Soybeans, corn, wheat extend demand driven rally
Soybeans were higher on fund and technical buying, with November hitting a new two-year high and all contracts posting solid week to week gains. China bought 132,000 tons of 2020/21 U.S. beans Friday, the 11th business day in a row with an announced sale. That continues the hot start to the marketing year, which actually started last marketing year, and brings the running total to 4,275,500 tons. Contracts are overbought and while that was canceled out by demand, there could be a correction for beans in the near future. Planting is underway in Brazil and not far off in Argentina, with producers in both nations evaluating conditions and potentially switching acreage. Soybean meal was higher with unknown destinations buying 100,000 tons of 2020/21 U.S. soybean meal and bean oil was mixed, consolidating. The 2020/21 marketing year for soybean products starts October 1st.
Corn was higher on fund and technical buying, with December at a six-month high and cementing the very good weekly finish. China bought 210,000 tons of 2020/21 U.S. corn, having already passed the USDA’s estimate import estimate for China of 7 million tons for the entire marketing year. The total is even larger when accounting for new crop sales to unknown destinations. The spike in demand comes as China tries to bolster feed supplies while assessing typhoon damage to their domestic crop. Still, these sales will actually need to be delivered and it is very early in the marketing year. The trade is also watching weather, expecting harvest activity to pick up speed. The USDA’s weekly crop progress numbers are out Monday afternoon, quarterly stocks are scheduled for the end of the month, and new supply, demand, and production estimates are due October 9th. Ethanol futures were higher.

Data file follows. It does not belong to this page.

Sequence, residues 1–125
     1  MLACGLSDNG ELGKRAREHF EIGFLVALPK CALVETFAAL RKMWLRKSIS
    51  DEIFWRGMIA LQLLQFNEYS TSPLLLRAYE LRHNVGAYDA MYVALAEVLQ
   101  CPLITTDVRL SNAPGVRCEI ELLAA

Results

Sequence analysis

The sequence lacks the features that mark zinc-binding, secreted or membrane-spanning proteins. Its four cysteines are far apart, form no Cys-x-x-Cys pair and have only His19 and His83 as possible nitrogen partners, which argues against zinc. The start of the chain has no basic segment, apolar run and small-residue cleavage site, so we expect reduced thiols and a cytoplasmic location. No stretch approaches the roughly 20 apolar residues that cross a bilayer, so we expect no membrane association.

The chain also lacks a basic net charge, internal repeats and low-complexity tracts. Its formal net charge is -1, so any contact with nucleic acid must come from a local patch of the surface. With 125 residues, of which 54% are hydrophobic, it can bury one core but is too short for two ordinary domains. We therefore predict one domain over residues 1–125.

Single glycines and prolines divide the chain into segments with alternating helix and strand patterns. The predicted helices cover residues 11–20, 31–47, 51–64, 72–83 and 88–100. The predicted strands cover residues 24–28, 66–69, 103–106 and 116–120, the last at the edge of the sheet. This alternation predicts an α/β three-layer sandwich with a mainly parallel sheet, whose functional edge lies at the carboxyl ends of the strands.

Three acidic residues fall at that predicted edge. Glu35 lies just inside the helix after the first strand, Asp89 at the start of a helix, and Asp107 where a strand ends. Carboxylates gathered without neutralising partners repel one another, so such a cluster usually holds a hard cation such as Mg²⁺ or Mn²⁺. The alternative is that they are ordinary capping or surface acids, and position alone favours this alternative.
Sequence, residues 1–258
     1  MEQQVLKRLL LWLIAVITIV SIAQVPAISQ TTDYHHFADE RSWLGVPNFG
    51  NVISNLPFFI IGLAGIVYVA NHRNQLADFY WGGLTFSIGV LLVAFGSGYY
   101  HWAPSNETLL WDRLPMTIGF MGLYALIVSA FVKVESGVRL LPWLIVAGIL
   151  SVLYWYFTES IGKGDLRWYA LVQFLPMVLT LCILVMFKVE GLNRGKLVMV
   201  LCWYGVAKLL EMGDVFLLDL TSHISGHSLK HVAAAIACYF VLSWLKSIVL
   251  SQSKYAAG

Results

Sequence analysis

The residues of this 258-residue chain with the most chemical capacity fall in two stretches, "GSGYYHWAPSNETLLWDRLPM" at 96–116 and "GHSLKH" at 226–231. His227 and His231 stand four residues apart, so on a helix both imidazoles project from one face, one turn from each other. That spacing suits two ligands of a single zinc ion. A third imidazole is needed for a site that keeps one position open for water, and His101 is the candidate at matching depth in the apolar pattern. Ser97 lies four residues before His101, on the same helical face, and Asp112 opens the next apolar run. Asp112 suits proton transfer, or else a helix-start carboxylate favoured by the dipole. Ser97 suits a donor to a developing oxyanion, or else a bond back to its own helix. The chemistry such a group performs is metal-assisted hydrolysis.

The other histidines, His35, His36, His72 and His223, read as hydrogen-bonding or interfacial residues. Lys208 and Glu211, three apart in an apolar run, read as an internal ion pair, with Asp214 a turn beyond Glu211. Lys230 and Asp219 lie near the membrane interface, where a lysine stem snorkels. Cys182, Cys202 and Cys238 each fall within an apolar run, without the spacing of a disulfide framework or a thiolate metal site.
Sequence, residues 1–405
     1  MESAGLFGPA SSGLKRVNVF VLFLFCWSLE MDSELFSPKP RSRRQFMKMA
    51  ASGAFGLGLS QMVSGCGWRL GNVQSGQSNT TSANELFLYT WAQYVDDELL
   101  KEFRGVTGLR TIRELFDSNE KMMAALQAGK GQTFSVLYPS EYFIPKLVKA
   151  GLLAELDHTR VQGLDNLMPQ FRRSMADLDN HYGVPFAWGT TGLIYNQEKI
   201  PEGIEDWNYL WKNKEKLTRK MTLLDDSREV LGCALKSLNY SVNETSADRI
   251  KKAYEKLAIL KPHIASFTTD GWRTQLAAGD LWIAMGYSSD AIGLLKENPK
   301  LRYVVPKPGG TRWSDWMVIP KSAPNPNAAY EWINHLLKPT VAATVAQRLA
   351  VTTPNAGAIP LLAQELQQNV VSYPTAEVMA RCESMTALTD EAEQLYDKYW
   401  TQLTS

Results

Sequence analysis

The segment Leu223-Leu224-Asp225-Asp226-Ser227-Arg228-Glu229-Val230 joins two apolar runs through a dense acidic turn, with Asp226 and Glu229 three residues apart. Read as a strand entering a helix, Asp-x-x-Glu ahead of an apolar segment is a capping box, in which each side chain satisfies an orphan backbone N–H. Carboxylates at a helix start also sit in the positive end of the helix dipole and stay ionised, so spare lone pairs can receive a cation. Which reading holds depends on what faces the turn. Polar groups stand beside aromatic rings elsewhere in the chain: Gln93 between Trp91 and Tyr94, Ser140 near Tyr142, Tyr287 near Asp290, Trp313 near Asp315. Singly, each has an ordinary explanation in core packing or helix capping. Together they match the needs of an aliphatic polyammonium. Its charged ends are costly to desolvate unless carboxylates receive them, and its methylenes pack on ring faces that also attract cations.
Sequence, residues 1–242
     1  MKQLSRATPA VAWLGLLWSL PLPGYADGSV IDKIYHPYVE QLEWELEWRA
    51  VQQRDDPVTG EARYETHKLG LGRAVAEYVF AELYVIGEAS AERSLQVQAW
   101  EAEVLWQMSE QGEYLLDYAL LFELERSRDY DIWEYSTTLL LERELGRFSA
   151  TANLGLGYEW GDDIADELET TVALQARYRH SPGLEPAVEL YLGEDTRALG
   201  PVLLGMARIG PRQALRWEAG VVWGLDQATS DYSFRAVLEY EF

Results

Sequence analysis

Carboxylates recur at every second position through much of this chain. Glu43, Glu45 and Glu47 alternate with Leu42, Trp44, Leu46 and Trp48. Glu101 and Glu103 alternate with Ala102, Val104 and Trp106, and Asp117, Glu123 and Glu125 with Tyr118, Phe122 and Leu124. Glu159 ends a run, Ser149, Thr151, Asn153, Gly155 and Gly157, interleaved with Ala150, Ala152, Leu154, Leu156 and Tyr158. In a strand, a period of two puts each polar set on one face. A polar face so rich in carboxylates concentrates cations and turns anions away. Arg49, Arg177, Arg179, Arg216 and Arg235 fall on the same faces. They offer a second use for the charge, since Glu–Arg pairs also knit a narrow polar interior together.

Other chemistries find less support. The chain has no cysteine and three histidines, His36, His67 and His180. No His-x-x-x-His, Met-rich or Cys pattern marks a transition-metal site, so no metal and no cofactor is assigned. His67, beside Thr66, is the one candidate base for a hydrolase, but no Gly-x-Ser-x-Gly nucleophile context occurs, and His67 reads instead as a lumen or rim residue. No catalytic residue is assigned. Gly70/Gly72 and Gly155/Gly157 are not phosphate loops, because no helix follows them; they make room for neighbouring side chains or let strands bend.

The wheat complex was higher on fund and technical buying, with strong weekly gains in the December contracts at the three U.S. exchanges. The trade is watching dry weather in Argentina, damaging that crop, and the Black Sea region, slowing down winter wheat planting for those key exporters. There are also concerns about dry weather in the U.S. Plains potentially limiting planted area. Paris milling wheat was higher heading into the session, aiding some contracts in pushing past what had been overhead resistance. The complex picked up additional support from better than expected export demand just over a quarter into the marketing year and the lower trend in the dollar, which helps U.S. goods compete on the export market. The supply outlook is bearish, with the USDA projecting a record world production and supply, but wheat currently has some pretty good momentum.